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What It’s Like When My Ehlers-Danlos Syndrome Has a ‘Party’

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I have Ehlers-Danlos Syndrome (or EDS, for short), a type of connective tissue disorder. EDS means that my body produces faulty collagen, the stuff that holds the body together. Think of collagen like a rubber band. In a “normal” human, that rubber band snaps back into place. In an EDS human (specifically hEDS, the kind that I have) the rubber band is loose and stretched out. Meaning, my joints tend to slip out of place. Oops!

• What is Ehlers-Danlos Syndrome?
• What Are Common Ehlers-Danlos Syndrome Symptoms?

But that’s not the worst part of EDS. No, the worst part of EDS is that it’s insecure. That’s, right, EDS is that one girl from high school who could never go anywhere alone (looking at you, “Jessica”*). So, what does this mean? It means that EDS invites friends to the party (aka my body). And the friends all show up.

In my body, Ehlers Danlos Syndrome invited three dysautonomia siblings, postural orthostatic tachycardia syndrome (POTS), neurocardiogenic syncope (NCS) and  orthostatic intolerance (OI). EDS also sent out invitations (that were unfortunately accepted) to gastroparesis, global intestinal dysmotility and Raynaud’s phenomenon. Hashimoto’s, mercury toxicity and antimony toxicity saw how much fun the party was and decided to show up as well. Two others were invited, common variable immune deficiency (CVID) and mitochondrial disease, but the RSVPs still haven’t come back on those yet.

As you can tell, it’s a bit of a full house.

So, what exactly is happening at this gathering?

Well, Ehlers Danlos Syndrome is having a grand ole time sublaxing (think of this as a partial dislocation) shoulders and fingers. Sometimes elbows and hips, too. POTS is deciding to speed up the heart rate to dangerously high levels, while NCS sees this and tries to correct it by bringing both the heart rate and  blood pressure down really low, really fast, resulting in fainting, or near fainting. These two just can’t get in sync! And OI is letting it happen with every change in position. And when these siblings get together, they impact everything the body is supposed to regulate on its own, like heart rate,  blood pressure, temperature, breathing, etc.

Gastroparesis is hoarding everything that enters the stomach, not letting it pass for hours or sometimes days. Global intestinal dysmotility doesn’t think that’s fair and decides that for however long the stomach gets to hold on to its contents, the intestines will hold on twice as long! Raynaud’s has decided that the slightest change in temperature will result in diminished blood flow to extremities, because, why not.

Hashimoto’s has decided to attack the thyroid to prove how much stronger it is. And the metal toxicities are having a blast in the brain and gut, messing with neurons and nerves and generally making mischief wherever they go.

If CVID is here, it would explain getting sick after doing too much. Like, having people over for dinner.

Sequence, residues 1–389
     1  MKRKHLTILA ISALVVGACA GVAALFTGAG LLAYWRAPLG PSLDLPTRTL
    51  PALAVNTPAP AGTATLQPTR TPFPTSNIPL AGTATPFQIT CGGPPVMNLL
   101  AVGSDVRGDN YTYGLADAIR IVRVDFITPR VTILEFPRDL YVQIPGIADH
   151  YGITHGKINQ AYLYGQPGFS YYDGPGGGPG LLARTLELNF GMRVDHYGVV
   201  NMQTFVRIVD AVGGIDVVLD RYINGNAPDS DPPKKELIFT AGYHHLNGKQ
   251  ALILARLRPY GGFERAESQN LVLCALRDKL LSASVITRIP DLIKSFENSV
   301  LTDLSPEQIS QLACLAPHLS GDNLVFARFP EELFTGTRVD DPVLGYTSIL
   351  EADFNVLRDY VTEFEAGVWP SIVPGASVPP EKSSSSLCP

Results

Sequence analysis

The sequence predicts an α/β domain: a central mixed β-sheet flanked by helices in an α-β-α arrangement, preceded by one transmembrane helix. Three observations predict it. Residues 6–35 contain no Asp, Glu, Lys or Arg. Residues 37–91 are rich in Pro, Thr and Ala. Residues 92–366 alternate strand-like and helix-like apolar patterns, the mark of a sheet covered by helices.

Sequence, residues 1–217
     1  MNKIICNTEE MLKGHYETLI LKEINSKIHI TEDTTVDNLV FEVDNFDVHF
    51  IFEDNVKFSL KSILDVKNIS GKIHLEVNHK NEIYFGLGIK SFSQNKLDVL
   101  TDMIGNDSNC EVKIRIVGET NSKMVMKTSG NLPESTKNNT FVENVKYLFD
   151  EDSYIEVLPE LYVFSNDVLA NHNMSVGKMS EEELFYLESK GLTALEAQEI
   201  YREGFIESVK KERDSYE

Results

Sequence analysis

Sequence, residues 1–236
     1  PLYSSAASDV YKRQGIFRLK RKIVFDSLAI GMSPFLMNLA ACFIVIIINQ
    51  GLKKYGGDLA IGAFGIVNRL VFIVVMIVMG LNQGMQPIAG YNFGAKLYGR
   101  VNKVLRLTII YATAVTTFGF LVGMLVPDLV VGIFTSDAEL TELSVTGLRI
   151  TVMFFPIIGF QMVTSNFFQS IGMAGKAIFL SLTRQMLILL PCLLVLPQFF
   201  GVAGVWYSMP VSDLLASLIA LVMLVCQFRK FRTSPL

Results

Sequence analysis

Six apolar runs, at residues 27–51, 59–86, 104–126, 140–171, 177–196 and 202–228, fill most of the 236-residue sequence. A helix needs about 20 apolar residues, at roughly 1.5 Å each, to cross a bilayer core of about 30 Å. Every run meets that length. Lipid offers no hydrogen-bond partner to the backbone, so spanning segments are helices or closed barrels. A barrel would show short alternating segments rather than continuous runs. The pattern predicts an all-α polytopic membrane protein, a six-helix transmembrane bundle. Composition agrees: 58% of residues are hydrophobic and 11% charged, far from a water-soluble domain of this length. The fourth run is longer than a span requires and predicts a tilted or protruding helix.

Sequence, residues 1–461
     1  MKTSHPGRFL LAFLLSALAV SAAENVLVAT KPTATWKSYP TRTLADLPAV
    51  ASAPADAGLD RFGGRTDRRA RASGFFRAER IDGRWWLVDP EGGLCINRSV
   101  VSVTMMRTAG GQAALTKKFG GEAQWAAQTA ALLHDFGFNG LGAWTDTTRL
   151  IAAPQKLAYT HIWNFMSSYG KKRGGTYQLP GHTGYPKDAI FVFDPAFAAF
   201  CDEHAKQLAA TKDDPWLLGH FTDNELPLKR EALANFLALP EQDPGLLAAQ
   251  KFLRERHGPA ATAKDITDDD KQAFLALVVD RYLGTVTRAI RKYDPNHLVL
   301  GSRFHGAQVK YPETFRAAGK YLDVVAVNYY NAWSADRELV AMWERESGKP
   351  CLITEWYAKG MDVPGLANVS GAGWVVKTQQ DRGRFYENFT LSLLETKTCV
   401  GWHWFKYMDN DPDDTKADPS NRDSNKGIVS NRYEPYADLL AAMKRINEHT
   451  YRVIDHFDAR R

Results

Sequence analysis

And if mitochondrial disease is here, it would explain the insurmountable fatigue and loss of muscle coordination.

All in all, it’s a busy place. And that’s not even everything! I’m so used to living like this, I tend to forget what I experience isn’t “normal,” and that “healthy” people don’t have these same symptoms. I forget that it’s not normal to have nearly died twice or to have been fed through veins, or to have veins give out. I forget that healthy people may know what hunger feels like and when they’re full. I forget that waking up covered in bruises is not  something that happens to everyone and that no, you shouldn’t feel like you’re about to faint just by moving positions.

So, what’s a girl to do about it?

I take more medications than I care to admit. I have a feeding tube for daily saline to help keep me upright. I don’t eat solid food or anything  thicker than juice. I rest during the middle of the day and have a rollator (think walker with wheels and a seat) to go long distances. I shower sitting down, and I am always dressed in layers. I have a wheelchair for emergencies and use my disabled parking pass on bad days.

I’ve been to the Cleveland Clinic (was told that I am too complicated), spoke with the country’s top motility specialist (who told me that, after  seeing my records, there was nothing he could do for me) and am currently being treated at the Mayo Clinic, in addition to my doctors in Georgia, Texas and North Carolina. I get my groceries and prescriptions delivered because leaving the house is difficult.

But I also fight. And I fight dirty. I’ll do/try anything and everything to live a “normal” life. Juicing, coffee enemas, mantras, meditation, yoga,  acupuncture, acupressure, power of positivity … you name it I do it. Because I deserve to have my life back.

While none of my conditions (other than the metal toxicity) currently have a cure, the minute they do I’ll be shutting down their party. I know it  won’t be easy, but it’ll be worth it.

I’m more of a curl-up-with-a-good-book-and-tea kind of girl, anyway.

Getty image via fizkes.

Originally published: January 27, 2020
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